You know the story, it has been re-enacted, identical, enough times to become an almost accepted cliché.
It is a recipe made of marketing, greed, passion, revivalism and nostalgia.
Despite the bitterness of greed and the sourness of marketing, it still tastes good to many.
Once upon a time…
“Greg Dulli’s a busy man these days. From French Quarter bar owner to record producer, along with anchoring the Twilight Singers and the Gutter Twins, he’s surely made the most of his post-’90s Afghan Whigs days. And we’re probably not going to see that Whigs reunion tour anytime soon. Dulli’s quite content with how he’s living, a Bukowski-esque come-on artist of the aging indie set, a dirty old man work-in-progress.”
Dulli answers in the article interview…
Do you ever miss playing music with the Afghan Whigs?
“I played with John in October and November. He got up and played four or five of the shows with me. I haven’t seen Rick in a couple of years. Whenever I play Minneapolis, Rick usually comes and jumps up on stage. If you’re asking if I miss playing in the Afghan Whigs, no. It was a great thing … I loved it, and I loved the guys and we had a great time. But we laid that sword down a long time ago.”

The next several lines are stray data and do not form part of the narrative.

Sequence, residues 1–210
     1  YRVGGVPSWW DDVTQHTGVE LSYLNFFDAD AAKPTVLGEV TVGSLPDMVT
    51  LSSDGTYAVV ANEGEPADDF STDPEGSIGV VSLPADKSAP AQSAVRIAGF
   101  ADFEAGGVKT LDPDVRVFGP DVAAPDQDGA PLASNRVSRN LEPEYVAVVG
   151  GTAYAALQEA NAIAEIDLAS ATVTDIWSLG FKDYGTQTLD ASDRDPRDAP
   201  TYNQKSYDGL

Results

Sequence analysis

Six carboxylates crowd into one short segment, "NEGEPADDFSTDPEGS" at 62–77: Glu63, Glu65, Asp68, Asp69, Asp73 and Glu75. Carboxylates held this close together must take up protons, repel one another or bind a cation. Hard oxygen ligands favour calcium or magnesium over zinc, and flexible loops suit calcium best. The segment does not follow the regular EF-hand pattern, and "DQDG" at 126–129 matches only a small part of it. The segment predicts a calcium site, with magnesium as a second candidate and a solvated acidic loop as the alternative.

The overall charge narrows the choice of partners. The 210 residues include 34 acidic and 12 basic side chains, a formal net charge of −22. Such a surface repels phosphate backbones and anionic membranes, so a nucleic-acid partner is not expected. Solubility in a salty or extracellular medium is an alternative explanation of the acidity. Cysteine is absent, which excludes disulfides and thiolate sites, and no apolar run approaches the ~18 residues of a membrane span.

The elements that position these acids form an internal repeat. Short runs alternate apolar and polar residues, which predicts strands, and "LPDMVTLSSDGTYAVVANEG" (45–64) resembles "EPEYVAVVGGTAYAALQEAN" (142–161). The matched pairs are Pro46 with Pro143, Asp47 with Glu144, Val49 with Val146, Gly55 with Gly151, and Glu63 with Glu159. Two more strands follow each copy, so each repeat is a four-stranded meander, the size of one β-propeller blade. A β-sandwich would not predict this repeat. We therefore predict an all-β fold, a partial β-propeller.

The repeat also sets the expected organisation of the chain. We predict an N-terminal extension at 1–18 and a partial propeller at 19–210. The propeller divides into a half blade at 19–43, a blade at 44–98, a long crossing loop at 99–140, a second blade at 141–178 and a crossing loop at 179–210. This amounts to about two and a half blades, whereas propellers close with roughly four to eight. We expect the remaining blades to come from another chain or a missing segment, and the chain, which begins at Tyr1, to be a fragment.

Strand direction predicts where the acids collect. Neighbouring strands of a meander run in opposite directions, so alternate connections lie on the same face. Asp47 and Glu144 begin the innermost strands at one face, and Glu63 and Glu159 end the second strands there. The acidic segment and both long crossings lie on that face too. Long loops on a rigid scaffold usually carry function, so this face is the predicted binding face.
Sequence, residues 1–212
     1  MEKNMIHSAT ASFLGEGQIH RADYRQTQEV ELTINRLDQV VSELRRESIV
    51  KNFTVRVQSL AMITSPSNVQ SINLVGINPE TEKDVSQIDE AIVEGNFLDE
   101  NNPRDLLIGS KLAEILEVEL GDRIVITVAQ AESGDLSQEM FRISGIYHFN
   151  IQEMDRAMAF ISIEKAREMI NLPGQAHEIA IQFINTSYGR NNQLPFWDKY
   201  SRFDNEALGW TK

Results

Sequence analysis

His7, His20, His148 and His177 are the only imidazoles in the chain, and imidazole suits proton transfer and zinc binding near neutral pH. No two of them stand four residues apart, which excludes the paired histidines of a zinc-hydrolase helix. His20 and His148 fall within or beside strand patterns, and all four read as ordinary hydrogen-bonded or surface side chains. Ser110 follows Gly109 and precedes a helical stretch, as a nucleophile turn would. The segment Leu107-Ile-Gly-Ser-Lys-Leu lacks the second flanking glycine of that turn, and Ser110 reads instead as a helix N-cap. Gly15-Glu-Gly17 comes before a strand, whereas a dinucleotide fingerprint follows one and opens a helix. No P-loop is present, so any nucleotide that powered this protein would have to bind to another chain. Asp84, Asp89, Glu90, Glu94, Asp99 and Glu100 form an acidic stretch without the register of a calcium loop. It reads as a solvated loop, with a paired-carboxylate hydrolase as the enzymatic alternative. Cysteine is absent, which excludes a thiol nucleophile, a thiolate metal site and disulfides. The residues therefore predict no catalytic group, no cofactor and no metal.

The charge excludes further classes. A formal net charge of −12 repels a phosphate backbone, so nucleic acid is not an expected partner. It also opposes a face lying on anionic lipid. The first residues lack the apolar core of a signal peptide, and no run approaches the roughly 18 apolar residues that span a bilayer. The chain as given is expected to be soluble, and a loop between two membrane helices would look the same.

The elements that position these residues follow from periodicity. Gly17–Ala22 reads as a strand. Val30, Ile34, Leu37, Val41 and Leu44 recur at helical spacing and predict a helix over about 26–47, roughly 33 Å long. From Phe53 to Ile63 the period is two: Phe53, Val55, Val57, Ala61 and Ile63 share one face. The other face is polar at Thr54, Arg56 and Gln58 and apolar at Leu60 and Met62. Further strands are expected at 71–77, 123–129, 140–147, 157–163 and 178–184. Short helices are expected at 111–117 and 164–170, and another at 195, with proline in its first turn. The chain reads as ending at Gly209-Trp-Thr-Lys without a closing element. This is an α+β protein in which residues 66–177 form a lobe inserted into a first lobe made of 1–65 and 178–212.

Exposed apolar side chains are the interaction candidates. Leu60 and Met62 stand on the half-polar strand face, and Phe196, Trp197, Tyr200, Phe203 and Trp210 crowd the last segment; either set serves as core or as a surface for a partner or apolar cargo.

Fact. Reunions often start with an interview by the band leader saying that a comeback will not happen because he is involved in one or many other projects (never call them side especially when they are irrelevant!) and he’s busy. Add statements as “the past cannot be brought back to life” and bla bla.
This is the strategic bit. First part of a marketing move aiming to bring the band name back to the headlines and create expectations to old and young fans.
Silence follows while in the background there is a lot of management network to bring all the pieces together.
Once the band is up and running (but the news not yet disclosed) there are some sessions to rehearse. The old tunes need to be revamped and ready for the road, again.
The Press release (including a plea “keep confidential… not to be disclosed before 8:30am GMT…” )
December 7, 2011. ATP Press Release
“On Sunday 27th May 2012 Alexandra Palace will host the first show in 13 years from Cincinnati’s rock legends THE AFGHAN WHIGS.”
Viral consequence: All newspapers and music sites in the world, rebounce the press release creating a wave of expectation.
Now sit and wait a few days for the news to get as far as possible and then release the tickets to maximize the sales.
A couple of months before this gig, and less than a year after the MTV interview, Greg Dulli says the opposite. Coherence always lose against big cheques.
“…Now the reunion that Whigs devotees thought would never come has arrived. Dulli, John Curley and Rick McCollum will reunite for several shows this year after 13 years, and steadfast Dulli refusals. “The planets aligned, and that’s really the only way I can describe it,” he says. “Everything that had happened, John and I playing together, me spending the day with Rick McCollum in Minneapolis last May and then speaking to Barry [Hogan], those were the three variables.”